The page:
Mandi offers Syrian food like shawarma and falafel and is probably the most popular lunch place in Reykjavík (it has a branch downtown and in Skeifan) The Noodle Station in Reykjavík is also widely popular and offers noodle soup available in three variations: chicken, beef and vegetable, along with a mix of secret ingredients Café Loki downtown Reykjavík offers a nutritious and filling Icelandic lamb meat soup and fish stew with rye bread Ramen Momo produces organic fresh noodles. Most of the ingredients in their dishes are locally made 101 Reykjavík Street Food specializes in local food as well as international favourites, e.g. fish & chips, Icelandic fish stew and lamb soup (kjötsúpa)

To sum up the points above, these are the main reasons for high prices in Iceland:

Geographic isolation Oligopoly with very few companies dominating various sectors High taxes and import tolls Small population, hence a small market Many global companies don’t see the market as feasible (e.g. McDonalds, Burger King and Starbucks) Tourism has increased demand in some sectors and thereby the prices, most notably in housing, with Airbnb rentals

Despite high consumer prices, salaries are also high, which makes for a relatively high purchasing power in international comparison. Then there are various ways for people to save, including buying food in supermarkets rather than restaurants. See also our ASK IR on the cost of living in Iceland,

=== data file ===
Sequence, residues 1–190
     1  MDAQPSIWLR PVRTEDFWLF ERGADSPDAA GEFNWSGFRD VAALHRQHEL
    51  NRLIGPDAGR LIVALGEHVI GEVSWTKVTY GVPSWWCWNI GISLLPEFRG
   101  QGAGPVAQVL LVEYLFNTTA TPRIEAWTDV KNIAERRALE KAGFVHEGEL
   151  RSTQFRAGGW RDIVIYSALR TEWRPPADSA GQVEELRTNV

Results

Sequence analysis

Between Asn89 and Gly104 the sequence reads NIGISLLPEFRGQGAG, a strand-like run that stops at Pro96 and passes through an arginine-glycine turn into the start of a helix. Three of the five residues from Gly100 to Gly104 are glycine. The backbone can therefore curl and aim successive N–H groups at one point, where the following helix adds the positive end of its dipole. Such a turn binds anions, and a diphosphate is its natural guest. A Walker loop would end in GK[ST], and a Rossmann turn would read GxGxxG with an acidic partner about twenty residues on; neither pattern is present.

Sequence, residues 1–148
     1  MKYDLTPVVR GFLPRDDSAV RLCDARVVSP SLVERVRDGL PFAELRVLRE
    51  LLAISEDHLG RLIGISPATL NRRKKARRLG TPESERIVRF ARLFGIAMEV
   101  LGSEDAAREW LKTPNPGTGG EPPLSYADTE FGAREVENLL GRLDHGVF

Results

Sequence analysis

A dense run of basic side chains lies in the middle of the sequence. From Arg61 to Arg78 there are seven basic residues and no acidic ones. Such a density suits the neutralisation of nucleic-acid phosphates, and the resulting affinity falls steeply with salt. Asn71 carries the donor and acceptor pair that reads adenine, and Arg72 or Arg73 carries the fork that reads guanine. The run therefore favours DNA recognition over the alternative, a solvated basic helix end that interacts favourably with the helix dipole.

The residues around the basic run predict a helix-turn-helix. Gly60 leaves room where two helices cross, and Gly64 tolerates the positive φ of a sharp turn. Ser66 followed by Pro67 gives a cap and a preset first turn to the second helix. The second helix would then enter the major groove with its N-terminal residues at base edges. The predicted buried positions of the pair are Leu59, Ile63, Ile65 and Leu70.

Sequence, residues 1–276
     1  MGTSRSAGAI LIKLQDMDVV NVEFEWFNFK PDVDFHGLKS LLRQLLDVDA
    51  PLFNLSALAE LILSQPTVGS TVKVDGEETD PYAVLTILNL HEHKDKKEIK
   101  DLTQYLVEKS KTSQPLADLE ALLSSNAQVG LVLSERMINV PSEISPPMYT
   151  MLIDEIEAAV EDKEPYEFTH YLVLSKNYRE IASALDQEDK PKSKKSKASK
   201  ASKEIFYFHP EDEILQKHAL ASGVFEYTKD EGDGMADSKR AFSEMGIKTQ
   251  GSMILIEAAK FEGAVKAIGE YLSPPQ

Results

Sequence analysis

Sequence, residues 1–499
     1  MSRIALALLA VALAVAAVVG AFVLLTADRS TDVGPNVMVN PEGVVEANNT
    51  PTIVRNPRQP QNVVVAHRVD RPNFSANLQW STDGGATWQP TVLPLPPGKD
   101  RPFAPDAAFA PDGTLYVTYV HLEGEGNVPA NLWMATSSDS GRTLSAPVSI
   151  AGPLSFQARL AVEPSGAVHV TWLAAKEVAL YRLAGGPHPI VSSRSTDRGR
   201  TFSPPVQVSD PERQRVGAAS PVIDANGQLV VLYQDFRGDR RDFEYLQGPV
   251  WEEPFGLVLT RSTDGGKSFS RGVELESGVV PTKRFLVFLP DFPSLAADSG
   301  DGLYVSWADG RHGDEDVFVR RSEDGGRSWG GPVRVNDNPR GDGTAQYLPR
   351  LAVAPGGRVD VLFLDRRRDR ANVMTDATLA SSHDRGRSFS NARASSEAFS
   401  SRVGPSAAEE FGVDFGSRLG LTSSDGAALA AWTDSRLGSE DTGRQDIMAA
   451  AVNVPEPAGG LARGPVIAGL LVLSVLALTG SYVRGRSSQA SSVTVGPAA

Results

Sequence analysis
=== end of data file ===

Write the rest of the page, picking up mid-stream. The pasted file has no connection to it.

Is healthcare free for foreigners in Iceland?

If you need further help, you visit the two specialized hospitals at Reykjavik and Akureyri. Inpatient treatment is free of cost. The universal healthcare system provides healthcare free of charge to everyone, including the unemployed, old, and otherwise challenged if they are admitted to hospitals.

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Can you live comfortably in Iceland?

What is life like in Iceland? – While there are many, many positive things to say about living in Iceland, we can’t ignore the high cost of living. According to Expatistan, Iceland has the fifth-highest living expenses in the world. And while utility bills may be low compared to the US, UK, and other parts of Europe, other everyday expenses like food and drink, clothing, and housing may not compare as favorably. Why is the cost of living in Iceland so high? Partly it’s due to its isolated location, which makes importing goods expensive. It’s also a small country with a cold climate, so it can’t manufacture as many of its own products or grow as much produce as many other countries.

As VAT and income tax are also high, this drives up the cost of labor, meaning prices have to increase. If you’re considering relocating, be aware that the cost of buying or renting a home in Iceland is also pretty high – partly because the country’s attracted a large number of tourists and ex-pats in the last few years.

In Reykjavik, it would cost around 232,178 ISK (Icelandic krona) per month to rent a furnished one-bedroom apartment in an average neighborhood – that’s about £1,400 a month. According to the National Registry of Iceland, buying a home in the capital cost upwards of 80 million ISK in 2020 – that’s over £490,000.